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This week Nintendo's Super Mario Maker 2 brings the series to the Switch. Gamers can also check out Samurai Shodown , while Democratic presidential candidates take over NBC for two nights. Netflix has a ton of releases headed our way including the Thom Yorke/ Paul Thomas Anderson collaboration Anima , and a new anime series 7Seeds that's just in time to follow Evangelion . Also, it's just added Sony's animated Spider-Man movie , Into the Spider-Verse . Starz kicks off its new series The Rook , while MTV has a new season of Are You the One? Look after the break to check out each day's highlights, including trailers and let us know what you think (or what we missed).
NBC has just announced that they will pull the plug on "The Office" by removing all nine of its seasons from Netflix starting by the year 2021. The show will then belong to NBC Universal's streaming service which launches in 2020.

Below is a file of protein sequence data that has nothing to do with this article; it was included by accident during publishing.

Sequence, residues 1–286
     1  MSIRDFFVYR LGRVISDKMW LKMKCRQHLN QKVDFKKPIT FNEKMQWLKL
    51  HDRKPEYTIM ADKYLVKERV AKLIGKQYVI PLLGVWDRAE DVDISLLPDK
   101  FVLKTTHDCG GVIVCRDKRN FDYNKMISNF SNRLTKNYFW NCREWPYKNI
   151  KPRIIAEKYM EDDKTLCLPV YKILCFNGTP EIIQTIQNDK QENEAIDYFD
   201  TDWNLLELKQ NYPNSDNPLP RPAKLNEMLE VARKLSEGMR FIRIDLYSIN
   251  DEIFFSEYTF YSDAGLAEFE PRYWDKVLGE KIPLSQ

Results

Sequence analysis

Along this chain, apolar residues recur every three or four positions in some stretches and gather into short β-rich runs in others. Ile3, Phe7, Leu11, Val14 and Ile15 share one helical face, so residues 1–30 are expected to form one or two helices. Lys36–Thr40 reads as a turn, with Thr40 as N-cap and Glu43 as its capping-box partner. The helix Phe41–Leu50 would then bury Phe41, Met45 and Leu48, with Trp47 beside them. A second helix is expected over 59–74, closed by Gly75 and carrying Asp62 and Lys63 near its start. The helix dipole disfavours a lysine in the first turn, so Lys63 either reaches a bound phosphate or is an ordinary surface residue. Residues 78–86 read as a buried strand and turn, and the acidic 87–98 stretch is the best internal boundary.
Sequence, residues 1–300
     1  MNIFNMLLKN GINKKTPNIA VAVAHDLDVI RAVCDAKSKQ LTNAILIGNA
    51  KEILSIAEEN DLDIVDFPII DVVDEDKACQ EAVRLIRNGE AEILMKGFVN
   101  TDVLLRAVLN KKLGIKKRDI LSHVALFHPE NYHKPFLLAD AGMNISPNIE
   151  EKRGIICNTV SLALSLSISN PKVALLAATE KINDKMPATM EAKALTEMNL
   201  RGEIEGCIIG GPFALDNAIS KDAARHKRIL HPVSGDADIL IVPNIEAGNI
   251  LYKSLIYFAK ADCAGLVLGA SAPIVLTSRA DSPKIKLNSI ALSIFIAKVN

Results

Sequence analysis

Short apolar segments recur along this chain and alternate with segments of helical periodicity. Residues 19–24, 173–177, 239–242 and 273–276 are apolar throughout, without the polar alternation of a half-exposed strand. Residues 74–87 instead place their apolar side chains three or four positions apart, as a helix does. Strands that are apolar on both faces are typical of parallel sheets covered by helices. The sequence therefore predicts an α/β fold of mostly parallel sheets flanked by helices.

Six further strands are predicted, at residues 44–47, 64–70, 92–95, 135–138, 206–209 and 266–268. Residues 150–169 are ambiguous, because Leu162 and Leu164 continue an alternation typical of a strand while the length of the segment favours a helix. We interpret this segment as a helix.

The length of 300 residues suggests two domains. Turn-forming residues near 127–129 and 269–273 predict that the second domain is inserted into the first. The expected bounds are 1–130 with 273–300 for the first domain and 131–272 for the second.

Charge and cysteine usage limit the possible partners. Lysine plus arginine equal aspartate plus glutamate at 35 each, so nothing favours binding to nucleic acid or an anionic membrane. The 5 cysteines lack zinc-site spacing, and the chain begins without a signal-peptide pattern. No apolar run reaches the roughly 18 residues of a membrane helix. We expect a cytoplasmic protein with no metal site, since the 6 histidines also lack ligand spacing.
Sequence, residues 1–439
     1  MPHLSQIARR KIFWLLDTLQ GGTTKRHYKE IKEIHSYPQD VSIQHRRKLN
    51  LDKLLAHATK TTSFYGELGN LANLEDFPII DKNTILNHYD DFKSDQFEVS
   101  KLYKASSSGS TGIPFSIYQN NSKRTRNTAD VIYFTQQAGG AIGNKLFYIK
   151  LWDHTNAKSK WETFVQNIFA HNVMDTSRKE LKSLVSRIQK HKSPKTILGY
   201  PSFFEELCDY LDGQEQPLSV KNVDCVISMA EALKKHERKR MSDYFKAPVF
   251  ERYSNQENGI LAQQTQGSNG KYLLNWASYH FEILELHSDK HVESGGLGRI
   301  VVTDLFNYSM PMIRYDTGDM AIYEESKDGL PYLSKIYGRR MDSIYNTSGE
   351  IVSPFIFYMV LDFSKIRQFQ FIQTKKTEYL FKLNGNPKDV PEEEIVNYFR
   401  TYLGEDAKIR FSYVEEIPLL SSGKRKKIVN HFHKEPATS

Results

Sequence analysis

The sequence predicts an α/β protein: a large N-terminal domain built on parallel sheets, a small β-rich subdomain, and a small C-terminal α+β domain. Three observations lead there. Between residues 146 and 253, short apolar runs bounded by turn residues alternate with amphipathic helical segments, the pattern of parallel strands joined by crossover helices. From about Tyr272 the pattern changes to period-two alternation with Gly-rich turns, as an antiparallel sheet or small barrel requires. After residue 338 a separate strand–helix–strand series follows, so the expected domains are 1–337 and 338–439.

General Mills, Target, Apple, Southwest Airlines and Netflix are the companies to watch.
, will be removing The Office from Netflix at the end of 2020 (when an existing deal ends) and putting it on an ad-supported NBC streaming service that launches next year. The service will reportedly be free to subscribers of traditional pay-TV services, provided an agreement is reached with a particular pay-TV provider, and (though it seems unlikely that many cord-cutters will take up this offer) will be available for $10 per month to cord-cutters.
Moody's Investors Service ("Moody's") today placed Eldorado Resorts, Inc. (ERI) ratings on review for downgrade in response to the company's announcement that it entered into a merger agreement with Caesars Entertainment Corporation (CEC) for total consideration of $17.3 billion.